When the public-private partnership that was originally envisioned to pay for the development of Europe’s Galileo satellite navigation system fell through earlier this year, it became clear that if Galileo was to continue, it would have to do so entirely at the expense of European taxpayers. Now it appears that EU has found a way to make that happen: it “found” over €2.4 billion (US$3.3 billion) needed to finance Galileo from other programs, notably “Preservation and Management of Natural Resources” (aka agricultural programs), which has a sizable surplus. Proponents of Galileo say that this approach allows them to continue the program without seeking additional money directly from national governments or cutting other programs.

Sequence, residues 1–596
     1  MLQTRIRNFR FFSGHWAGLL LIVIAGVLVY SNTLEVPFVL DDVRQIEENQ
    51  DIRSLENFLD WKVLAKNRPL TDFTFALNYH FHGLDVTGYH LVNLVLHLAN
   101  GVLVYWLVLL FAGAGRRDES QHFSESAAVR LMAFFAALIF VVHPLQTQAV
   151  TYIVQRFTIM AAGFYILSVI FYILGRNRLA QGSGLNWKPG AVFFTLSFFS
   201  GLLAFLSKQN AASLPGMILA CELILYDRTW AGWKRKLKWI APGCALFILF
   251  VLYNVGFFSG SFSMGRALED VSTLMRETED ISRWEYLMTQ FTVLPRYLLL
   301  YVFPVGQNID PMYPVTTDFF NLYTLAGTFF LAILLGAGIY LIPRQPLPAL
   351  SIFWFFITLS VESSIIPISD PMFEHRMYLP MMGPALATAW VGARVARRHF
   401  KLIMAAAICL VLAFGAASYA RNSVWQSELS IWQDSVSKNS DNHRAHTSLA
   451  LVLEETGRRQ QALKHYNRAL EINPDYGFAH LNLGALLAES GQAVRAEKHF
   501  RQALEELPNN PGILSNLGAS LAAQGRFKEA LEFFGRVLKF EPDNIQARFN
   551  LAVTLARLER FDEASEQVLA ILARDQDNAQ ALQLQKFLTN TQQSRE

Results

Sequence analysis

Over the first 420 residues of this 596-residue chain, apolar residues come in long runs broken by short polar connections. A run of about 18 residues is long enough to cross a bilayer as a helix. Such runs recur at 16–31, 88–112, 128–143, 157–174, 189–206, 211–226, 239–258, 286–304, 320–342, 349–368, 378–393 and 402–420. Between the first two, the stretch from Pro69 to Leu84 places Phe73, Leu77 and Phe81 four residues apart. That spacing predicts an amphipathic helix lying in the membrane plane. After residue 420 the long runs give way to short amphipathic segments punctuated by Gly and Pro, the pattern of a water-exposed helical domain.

The decision has to be ratified by EU member nations, and it appears from media reports that there will be at least some opposition to that approach. Ordinarily any budget surplus would be distributed back to EU member nations, and some farmer groups want the money spent on additional agricultural programs, not Galileo. The International Herald Tribune also noted that, in the eyes of some, Galileo has become “a personal quest” for EU transportation minister Jacques Barrot.
The EU transport ministers are scheduled to meet again in early October to review the proposal, although it may take much longer to win over some governments. In the meantime, one wonders if it was any coincidence that, on the eve of the EU announcement, the White House announced that equipment designed to degrade GPS signals would no longer be included on future GPS spacecraft. “Although the United States stopped the intentional degradation of GPS satellite signals in May 2000,” the White House statement read, “this new action will result in the removal of SA [selective availability] capabilities, thereby eliminating a source of uncertainty in GPS performance that has been of concern to civil GPS users worldwide.” Like, for example, in Europe.